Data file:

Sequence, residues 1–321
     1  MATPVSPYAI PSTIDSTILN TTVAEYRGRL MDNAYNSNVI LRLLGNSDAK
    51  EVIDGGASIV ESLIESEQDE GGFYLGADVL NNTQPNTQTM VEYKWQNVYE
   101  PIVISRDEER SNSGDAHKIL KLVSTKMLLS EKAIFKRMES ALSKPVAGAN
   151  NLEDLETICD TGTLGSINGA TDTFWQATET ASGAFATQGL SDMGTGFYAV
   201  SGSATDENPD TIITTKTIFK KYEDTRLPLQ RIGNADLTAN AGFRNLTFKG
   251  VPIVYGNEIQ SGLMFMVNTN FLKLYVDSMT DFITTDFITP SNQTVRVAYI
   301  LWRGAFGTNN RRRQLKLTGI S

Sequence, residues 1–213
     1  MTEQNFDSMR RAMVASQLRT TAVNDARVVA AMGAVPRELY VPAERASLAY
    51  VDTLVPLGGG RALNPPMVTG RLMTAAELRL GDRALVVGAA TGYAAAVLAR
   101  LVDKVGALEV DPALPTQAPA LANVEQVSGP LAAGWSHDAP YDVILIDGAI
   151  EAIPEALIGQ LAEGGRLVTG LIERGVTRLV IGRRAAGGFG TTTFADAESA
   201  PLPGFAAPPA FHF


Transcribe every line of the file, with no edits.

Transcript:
Sequence, residues 1–321
     1  MATPVSPYAI PSTIDSTILN TTVAEYRGRL MDNAYNSNVI LRLLGNSDAK
    51  EVIDGGASIV ESLIESEQDE GGFYLGADVL NNTQPNTQTM VEYKWQNVYE
   101  PIVISRDEER SNSGDAHKIL KLVSTKMLLS EKAIFKRMES ALSKPVAGAN
   151  NLEDLETICD TGTLGSINGA TDTFWQATET ASGAFATQGL SDMGTGFYAV
   201  SGSATDENPD TIITTKTIFK KYEDTRLPLQ RIGNADLTAN AGFRNLTFKG
   251  VPIVYGNEIQ SGLMFMVNTN FLKLYVDSMT DFITTDFITP SNQTVRVAYI
   301  LWRGAFGTNN RRRQLKLTGI S

Sequence, residues 1–213
     1  MTEQNFDSMR RAMVASQLRT TAVNDARVVA AMGAVPRELY VPAERASLAY
    51  VDTLVPLGGG RALNPPMVTG RLMTAAELRL GDRALVVGAA TGYAAAVLAR
   101  LVDKVGALEV DPALPTQAPA LANVEQVSGP LAAGWSHDAP YDVILIDGAI
   151  EAIPEALIGQ LAEGGRLVTG LIERGVTRLV IGRRAAGGFG TTTFADAESA
   201  PLPGFAAPPA FHF